About the Author:

Joe Yaworski is director of QLogic’s Global Alliance and Solution Marketing for QLogic. Within his Global Alliance responsibilities, he manages QLogic’s strategic partnerships and alliances in the High Performance Computing market space. Joe has helped build one of the industry’s broadest HPC ecosystems, which now includes alliances with over 70 companies. Joe’s Solution Marketing role is to help channel and alliance partners to create solution marketing programs that combined their offerings with QLogic’s HPC technologies. Also as part of his responsibilities, he directs the QLogic NETtrack Developer Center; which is used to test and certify partner applications and perform performance benchmarking.


  1. […] Yaworski is the author of a guest feature posted here recently on PSM and InfiniBand collectives. […]


  1. Are these new verbs API function calls?

  2. I too would like an explanation of just what this is. What does QLogic have that other vendors don’t? The marketing speak above says that this is standard and doesn’t require a special adaptor, so why doesn’t this work on all vendors’ products?

    Also, the notion of using the switch to accelerate collective communication is something that Quadrics implemented many many years ago.

  3. This article is no more than comparing apples to shoes. ORNL already demonstrated flat latency using the adapter based collectives offloads, and there was definitely no bottlenecks reported in their publications. Therefore numbers presented here are very questionable. The Fluent benchmarks lack any platform information, setup information and version information therefore not credible at all. This article is no more that a marketing propaganda, and I would refer to some papers published by credible organization for real comparison.

    One big thing missing here for example is the purpose of offloading the collective communications – to take advantage of non blocking collectives and achieve nearly optimum communication overlap. I would suggest the author to do some homework by readying some of the publications made in the past by Quadrics and more recently by ORNL to learn more on the subject.

  4. Joe Yaworski says

    The Convention-IB and Voltaire FCA mentioned in the article are Verbs based. QLogic TrueScale IB Collective results are PSM based. PSM is a streamlined, lightweight, message based interface for MPI. As a result, PSM performance with MPI and in particular Collectives, does not require any special acceleration hardware or code. This also means that PSM’s native/inbuilt acceleration is available to all major MPI’s and for all collectives functions. PSM is a new capability in OFED that the QLogic TrueScale IB is designed to take advantage of.

  5. Joe Yaworski says

    The ORNL research is very, very limited in scale, given that their research was done on just 8 nodes. Otherwise, the information would have been used. The collectives performance numbers at scale came directly from the Mellanox/Voltaire white paper on FCA. The TrueScale collective performance numbers come from QLogic’s runs on ~2000 node Westmere cluster at LLNL. As for the benefits of “offloading” here is a direct quote from that same Mellanox/Voltaire white paper. “A common approach to this challenge improves the implementation of MPI collective operations by using intelligent or programmable network interfaces to offload the burden of communication activities from the host processor(s) within the NIC. Such implementations have shown significant improvement for micro-benchmarks that isolate collective communication performance, but these results have not translated to significant increases in performance for real applications.”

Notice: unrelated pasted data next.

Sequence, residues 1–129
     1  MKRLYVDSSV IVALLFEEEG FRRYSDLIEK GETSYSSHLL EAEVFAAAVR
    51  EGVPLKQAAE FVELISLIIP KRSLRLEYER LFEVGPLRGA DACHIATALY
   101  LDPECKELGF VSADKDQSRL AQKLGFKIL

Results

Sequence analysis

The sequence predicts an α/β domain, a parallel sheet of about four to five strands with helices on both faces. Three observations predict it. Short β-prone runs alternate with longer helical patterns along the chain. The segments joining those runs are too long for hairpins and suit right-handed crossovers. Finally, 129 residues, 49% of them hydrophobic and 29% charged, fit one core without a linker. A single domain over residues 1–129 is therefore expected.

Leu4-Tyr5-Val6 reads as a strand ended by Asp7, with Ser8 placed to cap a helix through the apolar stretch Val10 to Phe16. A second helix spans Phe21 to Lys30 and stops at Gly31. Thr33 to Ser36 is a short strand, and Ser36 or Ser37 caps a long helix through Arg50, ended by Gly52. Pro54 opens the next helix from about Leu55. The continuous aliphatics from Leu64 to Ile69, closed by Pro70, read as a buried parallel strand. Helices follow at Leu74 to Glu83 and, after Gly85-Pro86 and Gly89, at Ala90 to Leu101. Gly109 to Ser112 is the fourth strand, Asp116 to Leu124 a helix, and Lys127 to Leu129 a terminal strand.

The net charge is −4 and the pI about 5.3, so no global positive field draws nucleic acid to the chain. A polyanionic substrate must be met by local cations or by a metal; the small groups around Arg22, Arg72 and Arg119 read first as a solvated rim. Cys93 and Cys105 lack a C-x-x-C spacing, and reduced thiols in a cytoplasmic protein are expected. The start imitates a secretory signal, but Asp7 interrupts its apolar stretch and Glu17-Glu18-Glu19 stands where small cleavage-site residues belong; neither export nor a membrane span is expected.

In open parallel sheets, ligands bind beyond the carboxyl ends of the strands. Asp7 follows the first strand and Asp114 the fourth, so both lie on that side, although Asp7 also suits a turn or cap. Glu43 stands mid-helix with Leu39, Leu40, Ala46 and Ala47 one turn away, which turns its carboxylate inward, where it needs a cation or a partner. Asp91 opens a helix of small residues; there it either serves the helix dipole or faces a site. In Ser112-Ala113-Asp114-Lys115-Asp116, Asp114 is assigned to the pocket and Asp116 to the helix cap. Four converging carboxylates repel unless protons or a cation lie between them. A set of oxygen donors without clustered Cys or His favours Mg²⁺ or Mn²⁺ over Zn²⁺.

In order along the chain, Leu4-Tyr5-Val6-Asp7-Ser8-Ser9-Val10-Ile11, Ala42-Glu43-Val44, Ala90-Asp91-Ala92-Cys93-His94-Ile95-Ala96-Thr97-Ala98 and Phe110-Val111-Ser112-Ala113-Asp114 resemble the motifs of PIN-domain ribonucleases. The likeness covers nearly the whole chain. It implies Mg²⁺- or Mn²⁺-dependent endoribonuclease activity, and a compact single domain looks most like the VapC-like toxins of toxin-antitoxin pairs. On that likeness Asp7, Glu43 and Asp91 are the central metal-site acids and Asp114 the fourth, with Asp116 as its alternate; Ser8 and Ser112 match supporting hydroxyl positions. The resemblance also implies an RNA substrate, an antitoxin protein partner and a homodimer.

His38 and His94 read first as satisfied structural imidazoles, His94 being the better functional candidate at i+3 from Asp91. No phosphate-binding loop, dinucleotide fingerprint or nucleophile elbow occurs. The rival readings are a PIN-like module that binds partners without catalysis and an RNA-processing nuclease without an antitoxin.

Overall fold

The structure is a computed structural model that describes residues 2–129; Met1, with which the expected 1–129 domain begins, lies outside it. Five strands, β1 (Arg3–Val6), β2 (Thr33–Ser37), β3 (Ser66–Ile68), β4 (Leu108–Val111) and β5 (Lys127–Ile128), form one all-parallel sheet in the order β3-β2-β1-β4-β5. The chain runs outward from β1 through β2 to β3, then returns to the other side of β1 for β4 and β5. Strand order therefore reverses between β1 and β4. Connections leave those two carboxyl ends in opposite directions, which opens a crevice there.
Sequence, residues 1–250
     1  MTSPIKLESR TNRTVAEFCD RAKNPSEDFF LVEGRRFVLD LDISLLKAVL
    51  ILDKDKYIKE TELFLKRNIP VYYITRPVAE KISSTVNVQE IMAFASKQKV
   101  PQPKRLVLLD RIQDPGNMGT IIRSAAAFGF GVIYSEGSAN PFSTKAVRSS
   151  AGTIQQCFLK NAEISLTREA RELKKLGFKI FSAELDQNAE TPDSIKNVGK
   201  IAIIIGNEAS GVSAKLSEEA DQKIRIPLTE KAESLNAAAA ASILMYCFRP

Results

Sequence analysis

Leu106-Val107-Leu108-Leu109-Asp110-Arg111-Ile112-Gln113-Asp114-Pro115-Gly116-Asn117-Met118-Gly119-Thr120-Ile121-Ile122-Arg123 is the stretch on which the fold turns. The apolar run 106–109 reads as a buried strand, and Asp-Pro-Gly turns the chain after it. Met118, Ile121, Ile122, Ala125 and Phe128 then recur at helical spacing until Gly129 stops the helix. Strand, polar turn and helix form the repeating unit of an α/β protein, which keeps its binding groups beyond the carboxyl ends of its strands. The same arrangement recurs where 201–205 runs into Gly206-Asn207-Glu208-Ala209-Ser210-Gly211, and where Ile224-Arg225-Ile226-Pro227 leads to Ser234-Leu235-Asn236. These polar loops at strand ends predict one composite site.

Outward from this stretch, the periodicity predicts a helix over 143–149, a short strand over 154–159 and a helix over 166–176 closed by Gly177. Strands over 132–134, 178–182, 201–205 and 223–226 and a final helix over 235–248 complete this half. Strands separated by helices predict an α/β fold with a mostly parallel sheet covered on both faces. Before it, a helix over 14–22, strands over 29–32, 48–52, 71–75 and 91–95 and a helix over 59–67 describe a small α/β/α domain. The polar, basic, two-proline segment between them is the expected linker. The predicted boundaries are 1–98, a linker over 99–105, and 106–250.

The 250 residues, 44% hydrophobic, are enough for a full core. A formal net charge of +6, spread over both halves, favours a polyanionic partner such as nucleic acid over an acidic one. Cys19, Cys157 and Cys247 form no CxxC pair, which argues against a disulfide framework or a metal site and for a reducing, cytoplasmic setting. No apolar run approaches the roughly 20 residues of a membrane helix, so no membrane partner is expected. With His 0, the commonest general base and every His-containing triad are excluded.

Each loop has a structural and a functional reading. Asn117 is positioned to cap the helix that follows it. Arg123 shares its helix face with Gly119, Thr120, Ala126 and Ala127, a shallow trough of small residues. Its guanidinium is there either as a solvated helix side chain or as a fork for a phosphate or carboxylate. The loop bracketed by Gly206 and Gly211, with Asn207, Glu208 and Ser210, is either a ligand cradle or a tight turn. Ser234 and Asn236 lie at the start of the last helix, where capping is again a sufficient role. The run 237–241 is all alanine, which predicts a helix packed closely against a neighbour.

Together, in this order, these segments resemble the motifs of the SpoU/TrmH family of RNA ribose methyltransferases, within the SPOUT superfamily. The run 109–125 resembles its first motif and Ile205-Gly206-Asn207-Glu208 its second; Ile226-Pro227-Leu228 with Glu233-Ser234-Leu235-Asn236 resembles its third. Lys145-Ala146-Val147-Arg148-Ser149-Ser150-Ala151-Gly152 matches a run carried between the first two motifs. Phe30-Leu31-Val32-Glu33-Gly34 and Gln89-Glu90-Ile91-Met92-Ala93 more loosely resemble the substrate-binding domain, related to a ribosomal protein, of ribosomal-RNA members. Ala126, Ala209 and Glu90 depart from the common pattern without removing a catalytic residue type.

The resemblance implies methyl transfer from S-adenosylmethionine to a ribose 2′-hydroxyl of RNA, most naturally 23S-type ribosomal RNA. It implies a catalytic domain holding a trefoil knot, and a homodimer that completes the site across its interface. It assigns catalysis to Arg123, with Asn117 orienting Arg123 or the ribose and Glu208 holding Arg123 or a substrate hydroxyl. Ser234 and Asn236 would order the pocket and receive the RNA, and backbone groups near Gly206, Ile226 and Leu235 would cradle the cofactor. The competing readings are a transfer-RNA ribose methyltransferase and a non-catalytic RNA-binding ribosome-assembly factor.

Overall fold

BTW, the TrueScale Fluent numbers are official results published on the ANSYS FLUENT benchmarks site (http://www.ansys.com/Support/Platform+Support/Benchmarks+Overview), which gives the platform information. The Mellanox & Voltiare FLUENT come from the Mellanox/Volatire whitepaper and there are also results published on the ANSYS FLUENT site.

  6. It is wonderful to see how you use the previous Voltaire marketing against the Mellanox solution to bash the Mellanox offloading …  marketing work at its best…. I would not use those statements if you want to write something meaningful. It really reduces from your credibility. By the way, ORNL did publish much higher node count results – check it out.

    Now to the serious discussion – using light or lighter software stacks is not something new – Cray has their own version, as well as IBM. It is no more than creating proprietary software interfaces that connects to the hardware interface of the NIC. Verbs interface can work great on the Mellanox/Voltaire solutions and bad on QLogic, and PSM can work great on QLogic and bad on Mellanox. The question is what is proprietary and what is not, what is part of an open specification and what is not, and might go the same way Quadrics went.